Leafsnap

App review by
Dana Anderson, Common Sense Media
Leafsnap App Poster Image
Leaf collecting goes high tech with free field guide app.

Parents say

age 13+
Based on 2 reviews

Kids say

No reviews yetAdd your rating

A lot or a little?

The parents' guide to what's in this app.

Educational Value

Kids can learn more about trees by identifying them via their leaves, and learn how visual recognition software works -- or sometimes doesn't work. When a kid snaps photos of leaves, Leafsnap provides similar matches, but it's up to the user to make the final call on what looks like the closest match. Kids also learn about the process of cataloging leaf photos to build a reference collection. Leafsnap is currently limited in its scope to species found most readily in the American Northeast. Still, kids almost anywhere can learn more about trees with this tech-savvy leaf collection.

Ease of Play

Leaves to be identified must be photographed on a white background, and then potential matches appear. This app definitely requires some discernment on the part of users that may be too difficult for younger kids or people who have no knowledge of trees or leaf identification. Some of the terms in Latin may not make sense to kids who are familiar with the more common names. The games, however, are straightforward and easy to play.

Violence & Scariness
Sexy Stuff
Language
Consumerism
Drinking, Drugs & Smoking

What parents need to know

Parents need to know that nature-enthusiast kids can take a photo of a leaf, and Leafsnap will help them identify the tree by using visual recognition software. There are also games to sharpen kids' tree-identification skills. This free app will catalog your leaf photos so you can build your own reference along with the extensive list already on the app. The app provides similar matches to the photo of the leaf in question, but it's up to the user to make the final call on what looks like the closest match. This is the first in a series of app field guides being created by Columbia University, University of Maryland, and the Smithsonian Institution. There's also an iPad-only version called Leafsnap For iPad.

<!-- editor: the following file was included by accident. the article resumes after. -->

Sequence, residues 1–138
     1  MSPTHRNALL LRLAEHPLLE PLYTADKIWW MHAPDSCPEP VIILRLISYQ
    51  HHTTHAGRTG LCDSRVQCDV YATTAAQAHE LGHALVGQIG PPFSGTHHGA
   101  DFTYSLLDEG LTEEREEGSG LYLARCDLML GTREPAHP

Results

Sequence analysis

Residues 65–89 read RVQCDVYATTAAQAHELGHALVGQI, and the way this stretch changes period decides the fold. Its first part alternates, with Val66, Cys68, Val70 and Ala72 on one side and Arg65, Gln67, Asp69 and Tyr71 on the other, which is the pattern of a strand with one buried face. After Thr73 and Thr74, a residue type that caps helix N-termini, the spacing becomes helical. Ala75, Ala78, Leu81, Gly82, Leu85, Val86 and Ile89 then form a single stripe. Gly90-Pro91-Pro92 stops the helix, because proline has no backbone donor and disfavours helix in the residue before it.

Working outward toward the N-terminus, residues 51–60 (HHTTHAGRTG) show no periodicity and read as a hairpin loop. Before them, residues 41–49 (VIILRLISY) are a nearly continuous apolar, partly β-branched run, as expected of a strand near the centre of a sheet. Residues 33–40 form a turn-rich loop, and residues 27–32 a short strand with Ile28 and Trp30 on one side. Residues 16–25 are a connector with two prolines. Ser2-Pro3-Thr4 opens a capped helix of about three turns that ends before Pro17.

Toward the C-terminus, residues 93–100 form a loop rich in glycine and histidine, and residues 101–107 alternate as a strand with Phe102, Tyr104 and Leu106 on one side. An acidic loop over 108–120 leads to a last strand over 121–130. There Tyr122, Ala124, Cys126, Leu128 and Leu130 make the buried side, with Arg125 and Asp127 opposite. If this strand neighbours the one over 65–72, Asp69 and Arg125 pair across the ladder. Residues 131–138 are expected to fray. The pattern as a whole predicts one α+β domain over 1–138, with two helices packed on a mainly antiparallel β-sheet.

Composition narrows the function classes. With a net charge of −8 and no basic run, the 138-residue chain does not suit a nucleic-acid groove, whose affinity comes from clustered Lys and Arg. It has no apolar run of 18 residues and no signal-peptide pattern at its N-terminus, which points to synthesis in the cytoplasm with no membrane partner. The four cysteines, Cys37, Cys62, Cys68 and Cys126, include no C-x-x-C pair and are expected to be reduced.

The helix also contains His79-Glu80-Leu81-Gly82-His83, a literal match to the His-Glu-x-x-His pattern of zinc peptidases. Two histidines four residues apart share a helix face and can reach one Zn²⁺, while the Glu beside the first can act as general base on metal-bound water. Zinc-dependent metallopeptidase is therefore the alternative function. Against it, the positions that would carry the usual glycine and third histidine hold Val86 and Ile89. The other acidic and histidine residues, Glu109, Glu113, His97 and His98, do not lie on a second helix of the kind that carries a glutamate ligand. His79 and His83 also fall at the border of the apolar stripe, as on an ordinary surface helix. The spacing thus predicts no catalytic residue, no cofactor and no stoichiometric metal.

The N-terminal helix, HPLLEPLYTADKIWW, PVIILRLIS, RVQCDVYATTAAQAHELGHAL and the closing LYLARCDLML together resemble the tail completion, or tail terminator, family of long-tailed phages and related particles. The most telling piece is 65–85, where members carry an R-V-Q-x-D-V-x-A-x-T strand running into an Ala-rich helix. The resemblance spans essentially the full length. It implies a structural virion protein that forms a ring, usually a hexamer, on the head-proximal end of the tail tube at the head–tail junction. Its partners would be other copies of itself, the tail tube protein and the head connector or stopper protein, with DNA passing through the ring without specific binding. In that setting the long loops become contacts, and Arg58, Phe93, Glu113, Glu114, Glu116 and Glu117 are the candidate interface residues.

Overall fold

User Reviews

  • Parents say
  • Kids say
Adult Written byDana N. September 26, 2016

need work

you must carry a white piece of paper of cloth with you to take a picture. It does not offer the correct species to identify the leaf
Adult Written byDenise H. May 3, 2017

waste of time

Yes, you have to put a leaf on a white background. I did so and snapped a picture 4 times, every time being told it wasn't on a white background. Gave up... Continue reading

There aren't any reviews yet. Be the first to review this title.

What's it about?

Nature-loving kids can use Leafsnap to help identify trees. Kids pick a leaf, lay it on a sheet of white paper, and snap an image with their device. When a list of similar-looking leaves appears on the side of the screen, kids compare details to choose a match -- some of which appear much more likely than others. Kids then choose their match and read more detailed information about the tree, save the image to their own catalog, and keep building their online leaf collection.

Is it any good?

This isn't a perfect leaf ID'ing tool, but LEAFSNAP can definitely help kids become more familiar with leaves and trees. And the catalog and games are solidly educational with beautiful photos. If you're taking your phone out on a hike to use this app as a field guide, be prepared to bring a white sheet of paper or something with you because you have to take the photos of leaves you want to identify on a white background. Currently, this app focuses on areas in the Eastern United States, but it promises to include leaves from the entire continental U.S. soon.

Talk to your kids about ...

  • Walk a local park with your kid, choosing leaves of trees to snap for the app. Don't forget to bring a white sheet of paper for photo background.

  • Start a leaf collection the old fashioned way, taping leaves on paper and labeling them with the info you find on this app, as well as tactile info such as smell and feel of the leaves.

App details

For kids who love science and nature

Our editors recommend

Common Sense Media's unbiased ratings are created by expert reviewers and aren't influenced by the product's creators or by any of our funders, affiliates, or partners.

See how we rate

About these links

Common Sense Media, a nonprofit organization, earns a small affiliate fee from Amazon or iTunes when you use our links to make a purchase. Thank you for your support.

Read more

Our ratings are based on child development best practices. We display the minimum age for which content is developmentally appropriate. The star rating reflects overall quality and learning potential.

Learn how we rate